Supramolecular Self-Assembly To Control Structural and Biological Properties of Multicomponent Hydrogels
Self-assembled nanofibers are ubiquitous in nature and serve as inspiration for the design of supramolecular hydrogels. A multicomponent approach offers the possibility of enhancing the tunability and functionality of this class of materials. We report on the synergistic multicomponent self-assembly involving a peptide amphiphile (PA) and a 1,3:2,4-dibenzylidene-D-sorbitol (DBS) gelator to generate hydrogels with tunable nanoscale morphology, improved stiffness, enhanced self-healing, and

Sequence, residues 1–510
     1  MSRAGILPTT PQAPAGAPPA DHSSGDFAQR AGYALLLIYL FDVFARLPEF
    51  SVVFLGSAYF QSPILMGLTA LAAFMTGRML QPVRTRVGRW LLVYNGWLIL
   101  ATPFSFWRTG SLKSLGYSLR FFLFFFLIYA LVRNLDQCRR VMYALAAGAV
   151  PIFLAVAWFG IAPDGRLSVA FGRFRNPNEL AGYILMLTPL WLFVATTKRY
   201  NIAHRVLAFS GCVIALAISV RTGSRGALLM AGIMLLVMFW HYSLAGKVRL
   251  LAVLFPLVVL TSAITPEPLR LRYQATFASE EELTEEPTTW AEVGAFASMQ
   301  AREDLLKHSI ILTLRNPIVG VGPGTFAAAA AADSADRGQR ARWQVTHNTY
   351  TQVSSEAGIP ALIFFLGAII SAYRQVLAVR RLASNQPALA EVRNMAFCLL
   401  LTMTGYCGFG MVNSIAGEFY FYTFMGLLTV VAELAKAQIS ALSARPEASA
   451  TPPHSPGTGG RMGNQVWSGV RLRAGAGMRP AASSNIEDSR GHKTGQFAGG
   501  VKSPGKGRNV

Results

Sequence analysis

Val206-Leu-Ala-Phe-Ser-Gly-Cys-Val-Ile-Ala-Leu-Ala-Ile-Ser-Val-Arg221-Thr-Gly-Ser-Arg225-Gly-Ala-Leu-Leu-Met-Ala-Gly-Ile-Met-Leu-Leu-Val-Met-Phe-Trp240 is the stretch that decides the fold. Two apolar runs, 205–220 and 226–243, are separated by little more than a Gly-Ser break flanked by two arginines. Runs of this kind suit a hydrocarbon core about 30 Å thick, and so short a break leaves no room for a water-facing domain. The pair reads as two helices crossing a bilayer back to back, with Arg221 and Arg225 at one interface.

... -healing, and stability to enzymatic degradation. Using induced circular dichroism of Thioflavin T (ThT), electron microscopy, small-angle neutron scattering, and molecular dynamics approaches, we confirm that the PA undergoes self-sorting, while the DBS gelator acts as an additive modifier for the PA nanofibers. The supramolecular interactions between the PA and DBS gelators result in improved bulk properties and cytocompatibility of the two-component hydrogels as compared to those of the single-component systems. The tunable mechanical properties, self-healing ability, resistance to proteolysis, and biocompatibility of the hydrogels suggest future opportunities for the hydrogels as scaffolds for tissue engineering and drug delivery vehicles.